The model of behavioral investment as determined by mood that I previously presented has an interesting implication for the way parents treat their children. That is, depressed parents are more likely to succumb to favoritism. Specifically, as mood decreases, parental investment shifts toward children deemed more reproductively fit(1).
Parental investment involves the amount of time, energy, and other resources offered each child by their parents(2), and reproductive fitness(3) can be revealed in signals related to physical attractiveness(cuteness, etc), physical fitness, intelligence, emotional robustness, susceptibility to illness, ability to make friends, and even resemblance to one or both parents, among other cues. There is even evidence that birth weight is moderated by a mother's stress levels(lower mood), with higher stress associated with lower weights.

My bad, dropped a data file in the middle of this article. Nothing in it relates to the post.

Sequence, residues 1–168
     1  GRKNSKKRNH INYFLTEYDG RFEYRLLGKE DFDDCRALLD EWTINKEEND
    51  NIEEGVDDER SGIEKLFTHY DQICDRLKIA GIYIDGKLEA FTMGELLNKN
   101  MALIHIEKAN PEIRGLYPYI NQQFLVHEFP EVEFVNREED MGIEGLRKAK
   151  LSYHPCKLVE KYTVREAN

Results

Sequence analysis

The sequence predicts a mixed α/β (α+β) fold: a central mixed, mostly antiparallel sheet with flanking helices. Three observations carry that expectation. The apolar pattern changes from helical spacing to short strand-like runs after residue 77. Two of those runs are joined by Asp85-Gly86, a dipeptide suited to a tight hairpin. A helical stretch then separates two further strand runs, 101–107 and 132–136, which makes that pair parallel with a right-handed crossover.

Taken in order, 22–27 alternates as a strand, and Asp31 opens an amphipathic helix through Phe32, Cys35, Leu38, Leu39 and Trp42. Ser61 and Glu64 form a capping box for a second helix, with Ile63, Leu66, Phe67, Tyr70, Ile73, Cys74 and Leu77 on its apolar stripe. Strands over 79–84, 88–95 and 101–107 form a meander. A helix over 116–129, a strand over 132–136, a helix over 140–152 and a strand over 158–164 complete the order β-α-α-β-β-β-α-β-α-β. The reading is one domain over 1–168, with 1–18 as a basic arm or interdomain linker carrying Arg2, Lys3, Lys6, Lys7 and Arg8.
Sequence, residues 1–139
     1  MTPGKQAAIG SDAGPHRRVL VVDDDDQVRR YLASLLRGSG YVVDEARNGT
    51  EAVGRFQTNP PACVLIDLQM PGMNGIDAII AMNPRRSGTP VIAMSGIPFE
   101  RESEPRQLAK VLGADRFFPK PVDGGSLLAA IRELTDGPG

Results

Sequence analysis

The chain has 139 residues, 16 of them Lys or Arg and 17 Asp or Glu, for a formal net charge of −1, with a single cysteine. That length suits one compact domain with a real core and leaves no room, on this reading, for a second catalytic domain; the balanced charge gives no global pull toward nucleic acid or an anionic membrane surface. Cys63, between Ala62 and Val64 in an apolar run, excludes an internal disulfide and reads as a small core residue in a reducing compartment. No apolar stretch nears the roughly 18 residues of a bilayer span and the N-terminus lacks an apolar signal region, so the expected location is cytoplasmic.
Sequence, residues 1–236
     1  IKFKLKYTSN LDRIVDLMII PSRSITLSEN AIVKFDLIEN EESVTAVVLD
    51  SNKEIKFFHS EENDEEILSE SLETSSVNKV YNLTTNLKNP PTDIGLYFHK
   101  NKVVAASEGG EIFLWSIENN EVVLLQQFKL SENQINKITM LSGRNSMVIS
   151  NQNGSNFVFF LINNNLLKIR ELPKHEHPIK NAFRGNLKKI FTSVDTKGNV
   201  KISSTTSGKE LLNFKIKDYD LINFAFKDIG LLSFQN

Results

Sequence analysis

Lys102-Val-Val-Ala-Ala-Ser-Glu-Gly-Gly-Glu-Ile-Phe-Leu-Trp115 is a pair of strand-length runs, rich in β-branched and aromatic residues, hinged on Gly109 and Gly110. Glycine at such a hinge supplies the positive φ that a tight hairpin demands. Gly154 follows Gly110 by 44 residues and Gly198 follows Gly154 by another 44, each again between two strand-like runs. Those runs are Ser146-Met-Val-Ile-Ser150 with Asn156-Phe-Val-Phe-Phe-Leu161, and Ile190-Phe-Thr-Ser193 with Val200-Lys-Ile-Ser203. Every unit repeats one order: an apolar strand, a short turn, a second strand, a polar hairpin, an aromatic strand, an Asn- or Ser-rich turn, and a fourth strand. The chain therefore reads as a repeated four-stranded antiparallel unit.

This is part of a larger phenomenon(first link above) in which depressed parents often unconsciously develop high quantity, low parental investment reproductive strategies in environments peceived as hostile to higher per-child investment strategies.
1. D. Beaulieu, D. Bugental (July 2008) Contingent parental investment: an evolutionary framework for understanding early interaction between mothers and children.
Evolution and Human Behavior, Volume 29, Issue 4, Pages 249-255
2. Trivers, R.L. (1972). Parental investment and sexual selection. In B. Campbell (Ed.), Sexual selection and the descent of man, 1871-1971 (pp. 136-179). Chicago, IL: Aldine.
3. Hamilton, W.D. 1964. The genetical evolution of social behavior. Journal of Theoretical Biology 7:1-52